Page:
Even in the small, shabby circuses, things are way harder than they look and I think the artists deserve a tremendous respect. Especially in the small circuses, where the clown is also the acrobat on the tightrope, the musician, the driver, the lion tamer and the one who sells the tickets. And sometimes things do go terribly wrong…
I wasn’t there when it happened, but a few days into the show, one of the acrobats didn’t duck when he hit the roof and he fell all the way down. He was taken to the hospital and while he was recovering the circus stayed put. First for days, then for weeks that slowly turned into months. And I woke up every day to the roar of the lion.
In a small town as Copán Ruinas you can sell only so many tickets, so when everybody not overly evangelical had seen the show, the tickets became cheaper, just to keep the show going on. The show itself also became more routine, the jokes more vulgar, the performances less inspired. I would see Handsome Snake Guy at the market, Grumpy Circus Director at the auto repair shop and the Lovely albeit quite chubby Lady Acrobat at the creek, doing laundry. Little by little the glow, the glitter, the illusion of the circus was fading away. But not for me. The more human I saw them, the more magic they became to me. And that old circus itch was bothering me again, although now I was old enough to see myself travelling in an old beaten-up Ford, not in that colourful cart.
But one day I woke up and the circus was gone.
Just like that, gone, leaving only a yellow patch of grass and some trash behind.
They hadn’t warned me, they vanished into the night the way they had come.
So yet again I missed my chance to run off with the circus.
*Local cell phone companies
Saturday, September 13, 2014
(Or: Miracles Do Happen in Honduras)
In March of 2012 I painted a series of Maya Tzolk’in calendar glyphs for a friend of mine who lives in Costa Rica. After emailing back and forth about colours, size and dates, we agreed on six glyphs representing the birthdays of herself, her husband, their wedding date and their three kids in colours that fitted the paintings’ future surroundings.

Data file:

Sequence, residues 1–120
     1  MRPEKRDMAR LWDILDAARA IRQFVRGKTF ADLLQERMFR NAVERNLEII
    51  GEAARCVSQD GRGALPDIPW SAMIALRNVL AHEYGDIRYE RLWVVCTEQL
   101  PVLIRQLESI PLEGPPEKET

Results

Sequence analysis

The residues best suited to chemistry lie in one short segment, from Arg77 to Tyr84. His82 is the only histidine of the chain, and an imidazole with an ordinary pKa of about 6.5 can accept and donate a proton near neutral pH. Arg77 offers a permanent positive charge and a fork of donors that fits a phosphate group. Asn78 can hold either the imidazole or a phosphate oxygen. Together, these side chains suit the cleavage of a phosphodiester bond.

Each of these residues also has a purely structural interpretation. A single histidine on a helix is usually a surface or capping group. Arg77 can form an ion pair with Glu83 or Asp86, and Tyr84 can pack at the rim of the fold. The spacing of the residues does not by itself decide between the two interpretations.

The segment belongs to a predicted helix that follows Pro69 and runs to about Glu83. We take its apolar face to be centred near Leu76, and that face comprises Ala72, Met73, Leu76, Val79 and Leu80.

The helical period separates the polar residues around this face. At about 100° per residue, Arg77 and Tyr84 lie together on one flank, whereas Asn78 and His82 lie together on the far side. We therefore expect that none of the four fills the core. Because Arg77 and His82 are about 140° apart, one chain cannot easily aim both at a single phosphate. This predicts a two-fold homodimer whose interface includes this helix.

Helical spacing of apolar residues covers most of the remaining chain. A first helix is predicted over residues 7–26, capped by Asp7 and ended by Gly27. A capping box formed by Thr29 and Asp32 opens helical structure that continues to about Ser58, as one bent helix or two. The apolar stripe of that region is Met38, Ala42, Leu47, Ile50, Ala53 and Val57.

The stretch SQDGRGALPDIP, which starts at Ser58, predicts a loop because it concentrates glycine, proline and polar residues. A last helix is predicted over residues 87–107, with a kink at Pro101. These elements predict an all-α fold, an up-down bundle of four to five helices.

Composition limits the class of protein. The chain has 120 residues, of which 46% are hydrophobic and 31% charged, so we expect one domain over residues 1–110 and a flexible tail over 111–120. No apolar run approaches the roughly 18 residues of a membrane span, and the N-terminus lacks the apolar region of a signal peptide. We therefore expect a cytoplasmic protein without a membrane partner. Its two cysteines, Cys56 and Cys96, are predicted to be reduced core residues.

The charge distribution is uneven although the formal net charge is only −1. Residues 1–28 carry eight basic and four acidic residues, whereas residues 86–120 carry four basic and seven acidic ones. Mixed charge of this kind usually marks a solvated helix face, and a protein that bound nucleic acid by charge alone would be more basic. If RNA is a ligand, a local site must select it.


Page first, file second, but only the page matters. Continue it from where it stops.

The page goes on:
I happily went to work and my friend was pleased with the picture of the results I emailed her. There was no need to send the paintings to Costa Rica, because she was planning a trip to Honduras soon, even though she probably wouldn’t be able to make it to Copán Ruinas. No problem, I wrapped the six canvases neatly up, wrote both her and my contact details on the front and was ready to send it off by bus to the capital where she could pick it up.
But in the end she came to Copán anyway, so I hand delivered her the package. Much safer, we both thought. She didn’t even want to open the package since it was such a nice and tight fit.
My friend left Copán soon after, back to the capital to catch her flight back home.
And that’s when things went terribly wrong.
Minutes before boarding the plane, my friend made a last pit stop to the bathroom. She had the paintings with her as carry on luggage (so nothing would happen to them) and placed them on the water reservoir behind her while using the toilet. That’s when she heard a last boarding call for her flight. She quickly finished her business and ran to catch her plane.
It wasn’t until the plane was about to take off that she realized that she had left the paintings in the bathroom…